To become excitotoxic, glutamic acid must be accumulated in considerable quantity. There have always been excitotoxins, although not in food in excessive amounts. But that changed in 1957 when extraction of glutamate from a protein source (which had been a slow and costly method) was replaced by carefully selected genetically modified bacteria that excrete glutamate through their cell walls. That transformation allowed, and still allows, for virtually unlimited production of manufactured free glutamate and MSG.

It wasn’t long before food manufacturers found that profits could be increased by using manufactured free glutamate to produce their own flavor-enhancing additives, and dozens of excitotoxic ingredients were added to the food supply.

Over the next two decades foods containing manufactured/processed free glutamate in ingredients such as hydrolyzed proteins, yeast extracts, maltodextrin, soy protein isolate and MSG flooded the marketplace. And the large amounts of manufactured free glutamate needed to cause excitotoxicity became readily available to anyone consuming multiple processed food products during the course of a day.

Excitotoxins are delivered to the vulnerable brains of fetuses and newborns by their pregnant mothers

Delivery of excitotoxins to the fetus and newborn is easy to understand. Nourishment (and not so nourishing material) is delivered to the fetus in the form of material ingested by a pregnant woman and passed to the fetus through the placenta. A newborn is nourished through its mothers’ milk.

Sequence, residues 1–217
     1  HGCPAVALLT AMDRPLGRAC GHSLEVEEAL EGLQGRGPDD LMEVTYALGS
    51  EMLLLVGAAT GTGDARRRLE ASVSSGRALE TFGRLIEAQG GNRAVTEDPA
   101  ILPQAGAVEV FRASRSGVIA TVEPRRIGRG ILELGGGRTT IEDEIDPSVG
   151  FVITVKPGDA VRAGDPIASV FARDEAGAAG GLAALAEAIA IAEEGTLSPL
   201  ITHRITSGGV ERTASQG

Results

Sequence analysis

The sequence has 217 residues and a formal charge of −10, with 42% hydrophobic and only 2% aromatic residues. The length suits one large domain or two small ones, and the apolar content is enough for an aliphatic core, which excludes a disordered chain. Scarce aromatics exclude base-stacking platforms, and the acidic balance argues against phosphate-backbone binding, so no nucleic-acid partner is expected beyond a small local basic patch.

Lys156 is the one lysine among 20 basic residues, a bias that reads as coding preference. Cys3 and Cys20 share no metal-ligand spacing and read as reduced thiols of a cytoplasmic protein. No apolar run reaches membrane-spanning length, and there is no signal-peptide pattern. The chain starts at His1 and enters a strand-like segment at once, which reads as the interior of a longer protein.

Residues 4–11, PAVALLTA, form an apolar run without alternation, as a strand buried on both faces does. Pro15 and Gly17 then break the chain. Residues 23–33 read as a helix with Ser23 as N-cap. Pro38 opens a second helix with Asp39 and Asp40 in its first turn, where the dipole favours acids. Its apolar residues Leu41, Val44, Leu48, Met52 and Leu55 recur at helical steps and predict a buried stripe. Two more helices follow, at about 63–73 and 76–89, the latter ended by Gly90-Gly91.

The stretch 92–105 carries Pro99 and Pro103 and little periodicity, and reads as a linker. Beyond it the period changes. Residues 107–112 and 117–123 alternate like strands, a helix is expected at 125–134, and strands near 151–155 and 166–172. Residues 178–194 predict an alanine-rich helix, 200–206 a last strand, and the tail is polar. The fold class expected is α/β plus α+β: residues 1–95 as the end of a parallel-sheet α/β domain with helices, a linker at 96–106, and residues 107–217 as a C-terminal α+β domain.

Data from Frieder and Grimm and others confirm that free glutamate can be passed in excessive quantities to neonates and fetuses by expectant mothers who ingest excessive amounts. Glutamate can cross the placenta during pregnancy, can cross the blood brain barrier (BBB) in an unregulated manner during development and can pass through the five circumventricular organs (unique areas of the brain that lie outside the BBB) which are leaky at best at any stage of life. Moreover, the BBB is easily damaged by fever, stroke, trauma to the head, seizures, ingestion of MSG, and the normal process of aging. Similar to drugs and alcohol, free glutamate can also be passed to infants through mothers’ milk.

The obesity epidemic was set in motion as the amount of manufactured free glutamate in processed food, “fake” food, protein substitutes, and dietary supplements became sufficient to wipe out brain cells in the area of the arcuate nucleus of the hypothalamus that would have controlled satiety, appetite, and food intake had they not been obliterated by flavor-enhancers like MSG.

If you have questions or comments, we’d love to hear from you. If you have hints for others on how to avoid exposure to MfG, send them along, too, and we’ll put them up on Facebook. Or you can reach us at questionsaboutmsg@gmail.com and follow us on Twitter @truthlabeling.